Sunday, May 16, 2010

Titanic Sunday

I'm about to head off to the museum to visit the Titanic Exhibition. And I am full of anticipation and, I admit, a bit nervous because I know I am going to get really emotional.

I cannot quite express how obsessed I have been all my life with the Titanic - I mean, just deeply, respectfully, humbly interested and concerned, not rooms-full-of-crazy with replicas of the ship or third class passengers or life boats or anything creepy like that.

Would you believe, I actually sourced this image from a website that recommended it as a "Fun idea" for a gift. Ho-ho-ho....

I will never see the 'umour to be had in making light of human (or any living thing) tragedy and suffering. Never ever ever. Mind you, my one exception is the now seemingly endless/timeless "I'm the Kinga tha Werrrrld" ridiculing of 'Titanic' Director, do I even have to tell you his name James Cameron.

Nor would I ever be seen at any tribute stage shows ("Titanic - The Musical" is not on my bucket list).

Steve keeps singing to me this morning, "Just sit right back and you'll hear a tale, a tale of a fateful trip..." and I have to admit, I have been chuckling at that, despite myself. Not that the Titanic even fits the description of a "tiny ship" leaving from a tropic port for a three hour tour.

Some may say I'm caught up in the romanticism of it (neh, I don't think so), or the rubbernecking "value" (ummm.... maybe a little, but it's not the driving force of my interest in the disaster). I've thought about it from time to time over the years and certainly in the past 48 hours since discovering the exhibition is on from this month until October and I reckon what it is, is purely a deep connection to the human element. Imagining myself in a life boat watching that enormous stern rise up out of the water. Then also imagining myself surrounded by other doomed, screaming or silent souls as we plunge into the water. Unfathomable, consuming, suffocating grief and tragedy. Not that I am a ghoul about that part of it - shit, I've had enough of my own unfathomable, consuming, suffocating grief and tragedy that I don't go looking for more of it. But there's something almost symmetrical in that same emotion that I think I now recognise and can instantly connect with.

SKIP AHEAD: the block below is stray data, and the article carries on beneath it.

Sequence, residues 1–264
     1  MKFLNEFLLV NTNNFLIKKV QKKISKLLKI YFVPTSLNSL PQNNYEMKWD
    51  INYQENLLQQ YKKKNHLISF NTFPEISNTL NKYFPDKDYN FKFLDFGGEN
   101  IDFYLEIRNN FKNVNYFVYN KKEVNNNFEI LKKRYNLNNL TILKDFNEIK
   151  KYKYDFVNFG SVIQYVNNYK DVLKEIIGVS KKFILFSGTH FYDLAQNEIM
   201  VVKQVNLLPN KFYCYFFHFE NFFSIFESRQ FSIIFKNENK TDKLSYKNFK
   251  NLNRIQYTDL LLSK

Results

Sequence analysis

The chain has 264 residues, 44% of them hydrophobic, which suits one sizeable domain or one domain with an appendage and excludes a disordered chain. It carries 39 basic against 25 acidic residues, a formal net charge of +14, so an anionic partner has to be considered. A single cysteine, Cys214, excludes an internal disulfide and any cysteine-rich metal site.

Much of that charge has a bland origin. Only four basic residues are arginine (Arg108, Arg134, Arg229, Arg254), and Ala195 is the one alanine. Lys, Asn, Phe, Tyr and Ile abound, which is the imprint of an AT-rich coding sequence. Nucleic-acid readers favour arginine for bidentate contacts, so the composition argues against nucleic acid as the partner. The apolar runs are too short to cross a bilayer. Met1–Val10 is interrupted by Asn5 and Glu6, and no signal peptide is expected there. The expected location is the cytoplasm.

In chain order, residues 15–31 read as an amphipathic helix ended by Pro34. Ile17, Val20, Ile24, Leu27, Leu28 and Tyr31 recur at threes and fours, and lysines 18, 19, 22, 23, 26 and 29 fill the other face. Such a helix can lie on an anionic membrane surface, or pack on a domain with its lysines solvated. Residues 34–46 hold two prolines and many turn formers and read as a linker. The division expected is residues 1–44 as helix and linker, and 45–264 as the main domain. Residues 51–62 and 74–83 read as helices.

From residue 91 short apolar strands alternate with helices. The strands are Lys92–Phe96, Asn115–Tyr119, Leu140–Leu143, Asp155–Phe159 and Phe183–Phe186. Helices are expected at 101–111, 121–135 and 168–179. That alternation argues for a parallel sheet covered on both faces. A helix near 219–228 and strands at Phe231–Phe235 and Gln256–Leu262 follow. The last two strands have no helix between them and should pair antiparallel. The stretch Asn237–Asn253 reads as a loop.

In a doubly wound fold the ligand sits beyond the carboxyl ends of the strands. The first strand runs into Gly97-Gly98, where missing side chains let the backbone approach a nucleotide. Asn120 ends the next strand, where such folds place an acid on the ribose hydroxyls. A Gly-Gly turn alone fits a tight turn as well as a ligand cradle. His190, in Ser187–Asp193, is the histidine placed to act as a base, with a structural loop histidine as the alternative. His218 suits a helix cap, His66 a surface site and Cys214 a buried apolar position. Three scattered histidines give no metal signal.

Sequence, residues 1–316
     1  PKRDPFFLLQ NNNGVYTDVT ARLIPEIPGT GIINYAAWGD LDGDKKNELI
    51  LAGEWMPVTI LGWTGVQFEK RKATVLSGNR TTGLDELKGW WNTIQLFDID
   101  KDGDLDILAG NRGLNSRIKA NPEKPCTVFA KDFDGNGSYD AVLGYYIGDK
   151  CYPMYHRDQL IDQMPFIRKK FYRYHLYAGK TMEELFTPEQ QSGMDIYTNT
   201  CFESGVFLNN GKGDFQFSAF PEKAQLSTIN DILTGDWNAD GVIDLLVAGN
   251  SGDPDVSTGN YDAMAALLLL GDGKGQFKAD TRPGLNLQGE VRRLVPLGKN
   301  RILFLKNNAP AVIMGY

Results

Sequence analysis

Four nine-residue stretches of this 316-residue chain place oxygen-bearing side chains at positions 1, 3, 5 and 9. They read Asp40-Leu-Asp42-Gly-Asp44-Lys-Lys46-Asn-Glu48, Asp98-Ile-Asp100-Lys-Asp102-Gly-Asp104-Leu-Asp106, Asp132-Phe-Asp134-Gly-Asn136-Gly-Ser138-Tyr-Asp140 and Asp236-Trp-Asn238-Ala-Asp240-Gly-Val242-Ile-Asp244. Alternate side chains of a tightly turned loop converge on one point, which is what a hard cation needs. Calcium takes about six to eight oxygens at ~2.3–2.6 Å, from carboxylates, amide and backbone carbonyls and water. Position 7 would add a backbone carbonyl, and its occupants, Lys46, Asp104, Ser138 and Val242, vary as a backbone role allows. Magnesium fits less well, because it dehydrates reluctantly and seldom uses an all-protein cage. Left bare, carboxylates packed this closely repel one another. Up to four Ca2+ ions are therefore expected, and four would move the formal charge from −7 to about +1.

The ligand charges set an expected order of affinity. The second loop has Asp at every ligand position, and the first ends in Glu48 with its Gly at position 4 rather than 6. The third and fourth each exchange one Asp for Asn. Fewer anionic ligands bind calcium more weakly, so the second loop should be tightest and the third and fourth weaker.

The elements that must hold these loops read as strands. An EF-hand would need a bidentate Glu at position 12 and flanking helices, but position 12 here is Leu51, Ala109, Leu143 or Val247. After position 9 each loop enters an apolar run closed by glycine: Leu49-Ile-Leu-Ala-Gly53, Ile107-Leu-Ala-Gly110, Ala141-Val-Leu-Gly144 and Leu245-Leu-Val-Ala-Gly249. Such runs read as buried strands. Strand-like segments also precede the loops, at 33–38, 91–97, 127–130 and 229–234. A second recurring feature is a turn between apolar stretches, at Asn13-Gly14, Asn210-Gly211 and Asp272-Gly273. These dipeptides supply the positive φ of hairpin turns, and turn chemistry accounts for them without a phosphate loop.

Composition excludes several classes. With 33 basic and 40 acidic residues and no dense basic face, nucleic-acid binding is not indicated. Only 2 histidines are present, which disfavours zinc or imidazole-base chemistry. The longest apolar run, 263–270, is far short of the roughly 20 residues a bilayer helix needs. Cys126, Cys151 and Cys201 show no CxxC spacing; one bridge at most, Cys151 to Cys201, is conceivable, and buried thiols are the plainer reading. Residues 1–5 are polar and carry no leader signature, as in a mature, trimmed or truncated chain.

So on the trip to the museum today, I wanted to have as much time to freely browse (and cry, I know I'm gonna need tissues, for I am a sap) and honour the stories I'm going to come across. I made a vow to myself that I would NOT take the LGBB and, if he was not so interested, I was also not going to take my other whiner in galleries - the husband. I was fully prepared to go by myself and thought, there was only one friend in Melbourne I could think of who would take an equally leisurely amount of time to blubber and read, snivel and be surprised and amazed.

Yesterday, those friends came to lunch. And without me even needing to bring it up, she mentioned the same thing: that she was going by herself if she had to, because she knew it didn't (sorry) float her husband's boat.

So we're going together. In about 15 minutes! Sheet, better go get ready. Such a crisp, sunny clear day here in Melbourne. A stark contrast to that dark, below freezing cold night in 1912.

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